Hong Kong stocks tumbled on Tuesday as protests that have jolted the city for more than two months fuel political and economic uncertainty, with China's growing frustration leading to worries it will take a tougher line with the standoff.
The increasingly violent unrest in the key financial hub comes as world markets are hit by fears about the global economy and dimming hopes for trade talks between China and the United States.
The Hang Seng Index ended the day 543 points lower at 25,281 – the lowest close in more than seven months.
Market turnover was more than 84.2 billion dollars.
Leading the fall was Galaxy Entertainment after the Macau casino operator posted a 7 percent drop in first-half profit. Galaxy shares plunged 5.8 percent.
Stocks of Sands China also dropped 3.5 percent. MGM China slumped 4 percent.
Shares of Cathay Pacific plunged to a new 10-year low after another day of flight disruption at the airport. Cathay shares lost another 2.6 percent to $9.55.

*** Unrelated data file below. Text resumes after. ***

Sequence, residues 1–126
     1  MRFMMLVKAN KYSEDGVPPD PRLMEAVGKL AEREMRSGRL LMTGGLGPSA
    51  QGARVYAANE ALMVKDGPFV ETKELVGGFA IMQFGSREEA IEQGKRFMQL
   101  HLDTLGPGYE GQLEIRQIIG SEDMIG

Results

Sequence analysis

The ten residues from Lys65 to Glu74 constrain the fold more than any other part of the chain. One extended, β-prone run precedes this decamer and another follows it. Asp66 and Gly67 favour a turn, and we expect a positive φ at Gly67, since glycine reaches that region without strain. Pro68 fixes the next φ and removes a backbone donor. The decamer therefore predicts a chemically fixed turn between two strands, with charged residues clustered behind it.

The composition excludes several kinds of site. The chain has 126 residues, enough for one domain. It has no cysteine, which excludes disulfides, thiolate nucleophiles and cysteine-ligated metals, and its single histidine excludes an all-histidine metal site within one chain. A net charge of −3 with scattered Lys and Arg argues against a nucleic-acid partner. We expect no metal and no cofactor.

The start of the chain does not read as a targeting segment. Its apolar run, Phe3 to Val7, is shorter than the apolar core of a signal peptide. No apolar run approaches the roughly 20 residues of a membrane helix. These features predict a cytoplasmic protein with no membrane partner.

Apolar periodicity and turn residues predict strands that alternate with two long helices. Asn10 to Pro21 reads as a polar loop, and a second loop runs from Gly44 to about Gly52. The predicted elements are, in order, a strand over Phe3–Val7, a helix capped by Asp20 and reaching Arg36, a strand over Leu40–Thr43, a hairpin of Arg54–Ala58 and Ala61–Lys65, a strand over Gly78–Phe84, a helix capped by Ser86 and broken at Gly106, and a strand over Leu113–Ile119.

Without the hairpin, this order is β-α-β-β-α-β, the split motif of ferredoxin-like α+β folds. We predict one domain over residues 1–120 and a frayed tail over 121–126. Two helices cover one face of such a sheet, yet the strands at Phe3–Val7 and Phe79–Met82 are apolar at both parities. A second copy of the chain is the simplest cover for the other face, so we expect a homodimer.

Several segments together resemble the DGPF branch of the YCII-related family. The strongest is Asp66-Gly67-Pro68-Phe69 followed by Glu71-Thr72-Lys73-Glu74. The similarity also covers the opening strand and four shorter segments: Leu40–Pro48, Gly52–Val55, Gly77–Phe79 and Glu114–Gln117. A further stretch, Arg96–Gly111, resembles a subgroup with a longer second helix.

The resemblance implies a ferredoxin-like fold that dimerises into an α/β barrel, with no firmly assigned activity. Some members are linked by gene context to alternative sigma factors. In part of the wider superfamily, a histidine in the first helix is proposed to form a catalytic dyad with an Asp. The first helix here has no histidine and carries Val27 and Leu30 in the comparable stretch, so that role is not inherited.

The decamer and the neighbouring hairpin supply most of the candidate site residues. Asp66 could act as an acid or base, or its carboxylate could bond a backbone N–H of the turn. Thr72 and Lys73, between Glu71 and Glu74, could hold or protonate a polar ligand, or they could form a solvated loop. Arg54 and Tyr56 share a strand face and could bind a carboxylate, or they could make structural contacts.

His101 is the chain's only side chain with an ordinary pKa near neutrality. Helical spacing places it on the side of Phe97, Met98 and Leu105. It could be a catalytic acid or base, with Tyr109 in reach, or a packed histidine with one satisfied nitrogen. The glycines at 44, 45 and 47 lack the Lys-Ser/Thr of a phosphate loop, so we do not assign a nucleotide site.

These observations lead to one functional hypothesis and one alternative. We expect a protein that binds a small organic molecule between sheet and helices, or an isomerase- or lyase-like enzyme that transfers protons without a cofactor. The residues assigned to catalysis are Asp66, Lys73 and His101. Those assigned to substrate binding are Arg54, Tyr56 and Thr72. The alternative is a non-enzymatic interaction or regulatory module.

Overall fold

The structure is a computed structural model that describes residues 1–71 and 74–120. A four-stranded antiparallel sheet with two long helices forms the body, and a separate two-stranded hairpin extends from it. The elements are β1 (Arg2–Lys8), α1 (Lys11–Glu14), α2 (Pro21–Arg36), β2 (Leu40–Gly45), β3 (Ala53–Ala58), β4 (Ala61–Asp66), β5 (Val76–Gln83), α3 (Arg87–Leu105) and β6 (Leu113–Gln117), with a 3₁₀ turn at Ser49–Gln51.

The MTR Corporation also saw its shares retreat almost 4 percent to the lowest close since March.
"It looks like the situation will get worse," Airy Lau, investment director at Fair Capital Management. "Together with the higher global recession risk from US-China friction, the Hang Seng Index is likely to have 5-10 percent more downside."
Across the border, shares traded lower after data showed banks extended fewer-than-expected new loans in July. The blue-chip CSI300 index fell 0.9 percent. And the Shanghai Composite Index slipped 0.6 percent.
Markets in Japan and Taiwan each dropped more than 1 percent. South Korea declined 0.9 percent. And Singapore lost just over 1 percent. (additional reporting by AFP)